Does music have meaning outside of its context? That is, when a piece is so revolutionary, so very different from everything that came before it, can we hear that difference, or do we have to be trained to hear it? Even with training, even with a knowledge of what came before, doesn't the "new" piece still sound to us like it is decidedly old, that is doesn't even begin to capture the things that came later in the composer's career, much less the things that came after the composer's death?
Those are some of the questions I struggle with when trying to explain Beethoven's Eroica Symphony. It's unlike anything written before it. The first movement alone takes about 15 minutes, making it as long as some Haydn and Mozart symphonies in their entirety. The second movement is another 15 minutes. The thing as a whole takes over a quarter hour, so long that Beethoven advised it not be performed late in a concert program lest the audience become restless.
Length, however, is not always indicative of a revolution. War and Peace is a long book, but it doesn't feel like a particularly revolutionary book as you read it. Don't get me wrong, it deserves its reputation as a great work, and it is extremely ambitious in its storytelling, but it did not fundamentally alter the way that books were written, as far as I know. The Eroica, on the other hand, well, it did fundamentally alter the writing of music. Or, if it did not alone, it was the capstone of a set of works that did.
Can you hear what makes it so outrageous, so different, so offensive, so intense, so awesome? Here's a rendition from the Simon Bolivar Youth Orchestra, conducted, at the time, by the incomparable Gustavo Dudamel.
There's a lot in this piece, too much to talk about all at once, so let's start with the beginning. The big, fat, E-flat Major chords that open the piece are perhaps a tad jarring, but it's not unusual for a composer to signal what key he's in to start off a piece. No, what's really odd is what comes after those two chords. Take a listen to the first few seconds of the piece again.
The melody that Beethoven introduces here doesn't sound particularly odd to our modern ears, but it would have been jarring in its time. What's more, it was uncharacteristic even for Beethoven. Why? Because it has a flatted seventh (Db or C#) in it.
After the two chords, what you hear is an outline of the Eb Major triad: Eb - G - Eb - Bb - Eb - G - Bb. That is followed by a chromatic descent to the 7: Eb - D - C#. This is jarring because that C# is not a part of the Eb Major scale. It destabilizes the key, making Eb feel like a dominant, and not a tonic.* As a result, we're pulled away from the tonic, and you can hear it quite clearly in the clip; it sounds incomplete, it sounds like it's going somewhere, and it's not entirely clear where.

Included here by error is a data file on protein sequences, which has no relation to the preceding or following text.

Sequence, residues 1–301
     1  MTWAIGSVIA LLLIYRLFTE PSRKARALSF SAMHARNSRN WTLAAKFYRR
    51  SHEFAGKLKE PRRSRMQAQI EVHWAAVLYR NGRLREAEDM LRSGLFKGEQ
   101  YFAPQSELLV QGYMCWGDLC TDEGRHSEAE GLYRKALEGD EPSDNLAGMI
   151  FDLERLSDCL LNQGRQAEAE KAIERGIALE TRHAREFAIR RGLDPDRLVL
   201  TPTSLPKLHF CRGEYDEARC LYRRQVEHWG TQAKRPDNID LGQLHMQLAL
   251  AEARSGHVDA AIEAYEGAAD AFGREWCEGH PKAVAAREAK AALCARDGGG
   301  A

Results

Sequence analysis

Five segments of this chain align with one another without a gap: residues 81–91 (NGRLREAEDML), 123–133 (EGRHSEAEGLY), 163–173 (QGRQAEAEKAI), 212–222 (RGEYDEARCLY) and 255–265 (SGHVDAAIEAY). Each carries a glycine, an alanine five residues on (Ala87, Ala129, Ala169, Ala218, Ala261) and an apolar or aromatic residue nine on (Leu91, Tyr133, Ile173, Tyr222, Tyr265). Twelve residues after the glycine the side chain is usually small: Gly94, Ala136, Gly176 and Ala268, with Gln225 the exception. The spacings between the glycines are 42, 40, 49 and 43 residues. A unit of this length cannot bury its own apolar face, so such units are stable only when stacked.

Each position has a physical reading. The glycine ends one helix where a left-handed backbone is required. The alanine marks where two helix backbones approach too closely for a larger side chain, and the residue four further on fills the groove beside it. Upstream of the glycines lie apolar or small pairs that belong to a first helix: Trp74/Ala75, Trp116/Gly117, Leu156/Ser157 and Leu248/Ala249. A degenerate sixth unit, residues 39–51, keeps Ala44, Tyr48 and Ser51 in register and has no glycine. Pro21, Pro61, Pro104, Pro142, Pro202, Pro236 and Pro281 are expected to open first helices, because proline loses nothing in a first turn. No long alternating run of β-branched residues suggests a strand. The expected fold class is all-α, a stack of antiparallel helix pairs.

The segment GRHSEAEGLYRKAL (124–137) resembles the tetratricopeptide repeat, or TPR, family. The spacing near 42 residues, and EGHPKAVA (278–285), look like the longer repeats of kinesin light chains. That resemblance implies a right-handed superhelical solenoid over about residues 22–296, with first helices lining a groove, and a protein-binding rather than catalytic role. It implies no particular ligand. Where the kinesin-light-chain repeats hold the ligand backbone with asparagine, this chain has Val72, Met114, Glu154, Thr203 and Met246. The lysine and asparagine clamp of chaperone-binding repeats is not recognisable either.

* Quick theory 101 lesson: tonic is, generally, the key the piece is in. It feels restful and complete. Think of a simple piece like Mary Had a Little Lamb, or Twinkle Twinkle Little Star. The tonic happens at the very beginning and ending of those pieces. The dominant, meanwhile, is usually the chord on the 5th of the tonic. It feels unstable and pulls you back towards the tonic. Try singing Twinkle Twinkle Little Star and stopping on the "how I wonder what you" without singing the "are." That "what you" is the dominant.
Analyzing the experience of hearing this opening harmonically is only a beginning, however. More important is the meaning: what is Beethoven trying to accomplish with this C#? This symphony is called - by Beethoven himself - Eroica, "Heroic." Famously, it was originally written for Napoleon Bonaparte, but rededicated after the French Consul declared himself Emperor to Beethoven's chagrin. Is this a Napoleonic symphony, then, a story of the French Revolution? Or is it, perhaps, meant to stand for an ideal instead? Was it ever, really, about Napoleon at all?
Those are questions we can't answer yet, and some of those questions may not be easy to answer from the music alone. Instead, we need to dive into the narrower questions posed by the infamous C#. What kind of heroism is this piece going to be about? Martial heroism? Political heroism? Populist heroism? Artistic heroism? And what does it mean to have the tonic - the core of the piece - destabilized so early? Perhaps the heroic is a result of instability. We, as listeners, are invited to understand musically the context in which heroism takes place.